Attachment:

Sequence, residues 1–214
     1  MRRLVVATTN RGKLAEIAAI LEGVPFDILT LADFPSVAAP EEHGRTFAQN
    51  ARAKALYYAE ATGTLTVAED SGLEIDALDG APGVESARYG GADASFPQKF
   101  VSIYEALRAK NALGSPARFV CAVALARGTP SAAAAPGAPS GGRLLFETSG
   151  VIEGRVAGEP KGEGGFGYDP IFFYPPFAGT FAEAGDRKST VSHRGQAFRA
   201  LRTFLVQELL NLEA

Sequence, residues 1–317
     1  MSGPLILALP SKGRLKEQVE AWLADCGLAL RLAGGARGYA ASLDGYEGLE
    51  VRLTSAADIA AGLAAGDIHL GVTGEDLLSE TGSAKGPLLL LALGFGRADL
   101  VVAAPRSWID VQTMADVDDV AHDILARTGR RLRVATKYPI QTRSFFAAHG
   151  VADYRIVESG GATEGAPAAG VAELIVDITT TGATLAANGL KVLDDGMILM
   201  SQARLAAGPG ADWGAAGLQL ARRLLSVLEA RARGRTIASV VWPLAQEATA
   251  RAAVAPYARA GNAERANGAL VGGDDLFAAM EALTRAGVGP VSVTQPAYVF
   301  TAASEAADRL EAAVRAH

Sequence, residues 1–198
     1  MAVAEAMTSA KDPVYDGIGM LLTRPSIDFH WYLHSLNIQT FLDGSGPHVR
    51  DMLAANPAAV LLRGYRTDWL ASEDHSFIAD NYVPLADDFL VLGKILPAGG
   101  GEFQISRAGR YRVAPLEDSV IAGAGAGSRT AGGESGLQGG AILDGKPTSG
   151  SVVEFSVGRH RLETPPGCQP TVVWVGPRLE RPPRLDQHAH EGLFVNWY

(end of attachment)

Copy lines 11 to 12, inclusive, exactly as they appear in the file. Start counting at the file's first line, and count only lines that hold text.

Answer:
   151  VADYRIVESG GATEGAPAAG VAELIVDITT TGATLAANGL KVLDDGMILM
   201  SQARLAAGPG ADWGAAGLQL ARRLLSVLEA RARGRTIASV VWPLAQEATA